Below are the notes that Chairman Tim Barnes used in the October 2018 AGM message to members of the woodland.
“This has been a year of consolidation, and there have been no startling new developments. That is as it should be. The woodlands do not need constant new initiatives but needs to progress the task of maintaining and improving the woods.
This we have done, and I want to mention a few of the actions. The tree nursery has been set up with the support of children from Halstow School. I will say more about these links when I come to the Greenwich Growth Fund application which the Friends Of Westcombe Woodlands is about to lodge.
We had our annual Bluebell Open Day on the 29th April when despite bad weather some 60 or 70 people visited the woodlands, including a number of residents from Seren Park, the development next to the woods. On 17th June there was the annual Summer picnic and 5 days later the “Bat Walk”. The Summer party and the bat evening are now regular features in the calendar. On the 7th October there was our Autumn Open Day, which is part of the Greenwich Performs Festival whose aim is to seek to bring back some of the excitement and variety of events which characterised the old Greenwich Festival.
We are up-dating our web-site with the help of Chris Bates and we have established a Twitter feed and a Facebook account. One of our twice year newsletters are published, in the spring and another will be published by the end of the year. We have decided to print 1,000 Christmas cards this year with the name of The Friends of Westcombe Woodlands on them, and we hope that you will buy cards which will spread the name of the Woodlands and the Friends.
Our principal items of expenditure are the costs of insurance and the cost of tree work, the need for which is assessed by experts on an annual basis. Our accounts were submitted to the Charity Commission in time and I will leave to committee member Miriam Hier to speak further to the audience in her treasurer’s report.
Work in the Woodlands
We now have a wooden bee keeper’s hut alongside the 3 hives. This was largely the work of Andrew Slade, who is the official keeper of the Westcombe bees. We have now built a back path from the glade down to the top of the step, and planted bulbs, primarily native bluebells in patches along the path. The Oak grove is also coming into its own. The oak saplings have become established and have again been underplanted with bulbs. The oak grove is on the left as you walk towards the glade from the top of the steps.
The volunteer days continue to be held on a monthly basis and involved the normal tasks such as removing thousands of self-seeding sycamores, cutting back brambles and keeping the vegetation around the pond under control so that events such as pond dipping can take place on the open days.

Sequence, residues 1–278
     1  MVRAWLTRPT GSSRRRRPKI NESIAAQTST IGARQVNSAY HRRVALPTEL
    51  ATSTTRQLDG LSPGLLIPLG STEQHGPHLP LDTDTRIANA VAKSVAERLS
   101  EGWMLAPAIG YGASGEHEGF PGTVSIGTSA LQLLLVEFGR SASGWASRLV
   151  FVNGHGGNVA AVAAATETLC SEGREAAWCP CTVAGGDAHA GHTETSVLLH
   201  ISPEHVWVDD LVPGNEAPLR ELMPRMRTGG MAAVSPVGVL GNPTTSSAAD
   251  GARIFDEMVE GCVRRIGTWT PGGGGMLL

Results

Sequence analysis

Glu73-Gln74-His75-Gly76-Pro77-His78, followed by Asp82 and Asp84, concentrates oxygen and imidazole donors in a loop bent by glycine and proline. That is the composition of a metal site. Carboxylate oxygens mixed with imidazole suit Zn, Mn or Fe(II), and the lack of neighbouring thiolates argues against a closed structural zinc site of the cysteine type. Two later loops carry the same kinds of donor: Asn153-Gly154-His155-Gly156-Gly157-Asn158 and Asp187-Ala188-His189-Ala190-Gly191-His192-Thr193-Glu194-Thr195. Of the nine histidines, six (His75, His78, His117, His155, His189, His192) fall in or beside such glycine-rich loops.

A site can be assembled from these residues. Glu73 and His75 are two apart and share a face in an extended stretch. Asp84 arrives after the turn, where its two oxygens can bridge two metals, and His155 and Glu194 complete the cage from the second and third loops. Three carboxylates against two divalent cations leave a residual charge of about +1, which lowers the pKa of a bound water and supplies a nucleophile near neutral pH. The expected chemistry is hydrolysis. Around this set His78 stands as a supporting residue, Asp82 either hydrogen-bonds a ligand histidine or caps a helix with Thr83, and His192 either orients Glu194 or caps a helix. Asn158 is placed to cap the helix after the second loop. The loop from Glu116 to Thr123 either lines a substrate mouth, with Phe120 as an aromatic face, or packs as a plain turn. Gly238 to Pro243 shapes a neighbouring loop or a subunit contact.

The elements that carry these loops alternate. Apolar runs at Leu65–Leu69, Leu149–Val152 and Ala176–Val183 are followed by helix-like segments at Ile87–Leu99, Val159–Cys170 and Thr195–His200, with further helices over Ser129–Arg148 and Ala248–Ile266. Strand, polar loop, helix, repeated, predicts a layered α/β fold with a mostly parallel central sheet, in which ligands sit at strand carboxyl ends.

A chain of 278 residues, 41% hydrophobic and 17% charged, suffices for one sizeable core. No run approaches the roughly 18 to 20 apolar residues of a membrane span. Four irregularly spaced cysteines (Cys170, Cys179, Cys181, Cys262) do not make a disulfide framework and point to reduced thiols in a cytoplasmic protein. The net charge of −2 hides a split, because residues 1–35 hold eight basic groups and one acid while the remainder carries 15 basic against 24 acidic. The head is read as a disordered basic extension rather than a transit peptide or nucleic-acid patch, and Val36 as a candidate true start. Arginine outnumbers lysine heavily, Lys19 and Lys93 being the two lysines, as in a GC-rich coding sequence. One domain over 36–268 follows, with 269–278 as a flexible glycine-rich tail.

The Lasseter Place end of the woodlands has been primarily cared for by some of our most supportive friends, Clive Corlett and his wife. We are having our December volunteer day at Lasseter Place to carry out some Autumn maintenance. It is still lour hope at some point in the future to have some kind of seat or hide at the look-out point at the end of the Lasseter Place path where it looks out over the steep slope of the woods.
The Committee of the Friends has been keen for some time to enter into some arrangement with a local school or schools which would give children exposure to the woodlands and the opportunity of learning about nature in a beautiful environment. As I have said, we had a visit from children of Halstow School in the Spring and another visit in the autumn. We are fortunate in having on our committee Rich Sylvester and Ruth Crackell, both of who have experience of this kind of activity. They have agreed to lead a project which they have put together with the support of the Friends’ Committee.
This will be the subject of an application to the Greenwich Growth Fund which provided grants of not less than £5000 to local initiatives which have the support of the 3 ward councillors and fulfil some of the criteria which underpin the scheme. Our proposal should have the effect of improving air quality along the heavily polluted Trafalgar Road in that it is our hope to plant the saplings which will have been grown from seed in the nursery. The children will attend the woodlands several times a year and will be educated in the planting and cultivation of trees from seed. We have the support of the 3 ward councillors and the Peter Harris Trust, of which I am a trustee, and which supports local charities and has also agreed to contribute
Committee and volunteers
The Friends could not exist without the support of its committee members and the volunteers and I want to take this opportunity of thanking them for all that they do. I think that those who come on out monthly volunteer morning enjoy the experience. It is a happy combination of working in a beautiful space, exchanging gossip as we do so and enjoying elevenses, still provided by Frank Smith, although sadly he is no longer on our committee. I am delighted that all members of the committee are prepared to continue in office subject to the proper formalities in the coming year.
Ambitions for the coming year.
I would like to see a significant increase in membership of the friends. You who are here tonight will hopefully be ambassadors spreading the word that to be a member of the friends does not break the bank and gives you the opportunity of being involved with a unique space which is steadily getting better while not forfeiting its essentially wild atmosphere.